“The big concern we have is these prices,” Francisco Reyes, the president of Jaén’s Provincial Olive Oil Council, told Europa Press. “The [global] oil harvest dropped by seven percent compared to the previous year and it is not logical that prices are in the where they are.”
The situation is unsustainable... That is why we insist on the need to put in place all the necessary measures to deal with this crisis.
Agricultural organizations are demanding exceptional measures be taken in order to put an end to the ongoing economic loss, and are asking the competitive authorities to open an investigation.
According to official data from Poolred and Infaoliva, olive oil producers received an average of €2.38 ($2.70) per liter in February, compared to €3.40 ($3.86) per liter in the same month of last year, a 30 percent decrease.
See more: Olive Oil Prices
In May 2017 the average price per liter was €4.00 ($4.54), the highest recorded in the past years, and a staggering 50 percent decrease in comparison to the current price.
With the country producing an overall high-quality harvest, the producers have stressed that the situation is particularly “odd” since the campaign should be a positive one that works in their interest. At the end of the campaign, production numbers are expected to be close to 1.8 million tons.
The somewhat veiled critiques of the producers have mainly been aimed at the industrial and bottling sectors, which process and refine their products for subsequent marketing, and not so much towards supermarkets where prices have only slightly decreased.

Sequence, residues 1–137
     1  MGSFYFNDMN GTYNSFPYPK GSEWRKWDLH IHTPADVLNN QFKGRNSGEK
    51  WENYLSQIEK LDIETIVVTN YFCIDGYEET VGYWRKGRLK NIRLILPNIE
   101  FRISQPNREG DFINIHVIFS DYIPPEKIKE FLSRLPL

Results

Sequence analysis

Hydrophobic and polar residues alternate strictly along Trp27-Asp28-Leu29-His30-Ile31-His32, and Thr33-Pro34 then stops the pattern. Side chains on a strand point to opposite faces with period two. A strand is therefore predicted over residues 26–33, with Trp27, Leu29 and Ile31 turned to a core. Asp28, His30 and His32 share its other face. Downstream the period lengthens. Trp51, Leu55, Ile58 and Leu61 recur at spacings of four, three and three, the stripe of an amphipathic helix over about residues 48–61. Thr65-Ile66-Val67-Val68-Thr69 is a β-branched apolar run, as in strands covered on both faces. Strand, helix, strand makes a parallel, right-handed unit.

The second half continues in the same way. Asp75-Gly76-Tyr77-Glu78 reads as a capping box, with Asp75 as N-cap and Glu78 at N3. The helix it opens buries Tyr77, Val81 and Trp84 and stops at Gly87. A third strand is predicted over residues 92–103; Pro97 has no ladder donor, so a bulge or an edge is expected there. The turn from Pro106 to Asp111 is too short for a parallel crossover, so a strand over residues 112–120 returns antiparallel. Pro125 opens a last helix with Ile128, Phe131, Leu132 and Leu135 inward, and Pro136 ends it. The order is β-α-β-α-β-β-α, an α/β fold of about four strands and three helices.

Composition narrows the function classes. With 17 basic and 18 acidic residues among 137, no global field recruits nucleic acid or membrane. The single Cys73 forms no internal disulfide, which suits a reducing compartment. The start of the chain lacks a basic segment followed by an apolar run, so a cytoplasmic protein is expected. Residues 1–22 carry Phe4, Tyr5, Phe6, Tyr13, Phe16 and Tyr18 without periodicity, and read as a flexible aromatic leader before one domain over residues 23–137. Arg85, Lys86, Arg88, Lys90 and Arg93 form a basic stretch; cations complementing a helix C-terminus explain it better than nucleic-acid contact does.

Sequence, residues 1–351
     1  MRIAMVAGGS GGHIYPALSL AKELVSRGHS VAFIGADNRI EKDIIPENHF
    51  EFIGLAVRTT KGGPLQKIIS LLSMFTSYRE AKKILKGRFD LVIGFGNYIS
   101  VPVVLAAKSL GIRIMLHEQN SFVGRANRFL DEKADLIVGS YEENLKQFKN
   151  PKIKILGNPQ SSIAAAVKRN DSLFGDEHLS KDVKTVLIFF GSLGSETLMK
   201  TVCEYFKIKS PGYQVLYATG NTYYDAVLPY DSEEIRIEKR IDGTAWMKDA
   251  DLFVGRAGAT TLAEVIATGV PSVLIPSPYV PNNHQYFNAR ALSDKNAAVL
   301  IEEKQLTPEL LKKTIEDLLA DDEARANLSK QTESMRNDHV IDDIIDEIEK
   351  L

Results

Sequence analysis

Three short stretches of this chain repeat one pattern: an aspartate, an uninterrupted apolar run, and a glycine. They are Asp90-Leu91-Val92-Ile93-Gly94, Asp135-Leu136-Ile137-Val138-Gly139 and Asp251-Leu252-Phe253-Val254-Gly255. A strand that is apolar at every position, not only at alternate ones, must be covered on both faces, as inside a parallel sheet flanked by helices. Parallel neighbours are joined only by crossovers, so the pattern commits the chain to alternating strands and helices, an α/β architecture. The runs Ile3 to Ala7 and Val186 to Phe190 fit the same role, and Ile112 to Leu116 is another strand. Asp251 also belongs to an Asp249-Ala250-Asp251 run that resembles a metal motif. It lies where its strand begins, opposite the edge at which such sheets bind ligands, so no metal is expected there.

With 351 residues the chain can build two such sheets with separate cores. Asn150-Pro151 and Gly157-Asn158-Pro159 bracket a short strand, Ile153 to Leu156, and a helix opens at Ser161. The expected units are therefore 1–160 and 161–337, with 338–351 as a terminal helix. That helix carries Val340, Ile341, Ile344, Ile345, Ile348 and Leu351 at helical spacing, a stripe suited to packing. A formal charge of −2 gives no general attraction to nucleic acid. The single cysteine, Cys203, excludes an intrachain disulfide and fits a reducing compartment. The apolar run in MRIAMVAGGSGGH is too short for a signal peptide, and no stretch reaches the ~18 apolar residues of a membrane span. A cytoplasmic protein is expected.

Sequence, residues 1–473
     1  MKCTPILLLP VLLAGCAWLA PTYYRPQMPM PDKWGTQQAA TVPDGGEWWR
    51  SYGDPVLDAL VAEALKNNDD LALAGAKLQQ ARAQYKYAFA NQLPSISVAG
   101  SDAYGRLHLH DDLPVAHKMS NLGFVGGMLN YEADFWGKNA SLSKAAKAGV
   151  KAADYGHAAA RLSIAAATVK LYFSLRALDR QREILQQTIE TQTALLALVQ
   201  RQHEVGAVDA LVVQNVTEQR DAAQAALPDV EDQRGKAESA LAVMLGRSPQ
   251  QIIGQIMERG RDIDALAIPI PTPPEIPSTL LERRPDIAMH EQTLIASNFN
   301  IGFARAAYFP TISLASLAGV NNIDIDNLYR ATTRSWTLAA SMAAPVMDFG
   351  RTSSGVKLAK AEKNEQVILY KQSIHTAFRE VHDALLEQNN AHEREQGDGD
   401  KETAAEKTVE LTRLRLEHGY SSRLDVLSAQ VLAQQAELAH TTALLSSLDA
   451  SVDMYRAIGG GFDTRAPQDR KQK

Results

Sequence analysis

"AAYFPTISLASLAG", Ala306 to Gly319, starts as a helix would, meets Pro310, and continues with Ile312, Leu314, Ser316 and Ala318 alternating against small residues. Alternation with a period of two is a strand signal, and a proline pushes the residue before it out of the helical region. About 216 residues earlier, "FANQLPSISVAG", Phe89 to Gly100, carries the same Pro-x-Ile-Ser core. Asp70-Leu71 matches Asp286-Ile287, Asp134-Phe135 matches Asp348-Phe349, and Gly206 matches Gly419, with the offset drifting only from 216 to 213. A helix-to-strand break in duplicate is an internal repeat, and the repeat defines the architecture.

Currently in supermarkets, the prices for olive oils with private labels ranges from €3.00 ($3.41) and €3.70 ($4.20) per liter.
Meanwhile, the industrial and bottling sectors have rejected these accusations, highlighting that exports to other countries with low harvests have not been as successful as expected. Furthermore, the surplus has not been absorbed as producers had hoped, with olive oil consumption at the national level being around half a million tons.
In Andalusia, where 80 percent of all the Spanish olive oil is produced, the agricultural organizations Asaja, COAG and UPA have publicly advocated for the government to make a request to Brussels to activate the private storage system. The private storage system, last activated in 2012, is a mechanism that provides European aid to temporarily remove the product from the market to recuperate the prices.
“The situation is unsustainable,” COAG said in a statement on its website. “We cannot maintain these prices when we have such a large differential with the rest of the countries. That is why we insist on the need to put in place all the necessary measures to deal with this crisis.”
“COAG has already made proposals to try to reverse the situation by intervening in the market, and has petitioned to the European Commission to activate private storage,” the statement added.
However, European regulation requires that the price in the market be less than €1.52 ($1.73) for the lampante category, €1.71 ($1.94) for the virgin oils and €1.78 ($2.02) for the extra virgin oils during the “a representative period,” none of which apply in this case.
Sources from the aforementioned organizations have warned that it has been more than a decade since the referenced prices have been updated and that the private storage system can be activated “when the sector registers grave economic loss.”
The producers stated that they have already encountered great loss with the cost of production for the extra virgin oil, which is around €2.80 ($3.18).
The Minister of Agriculture, Fisheries and Food, Luis Planas, has recognized that there is “a strange behavior” being seen in the market and ensured that the necessary measures will be adapted to solve the problem.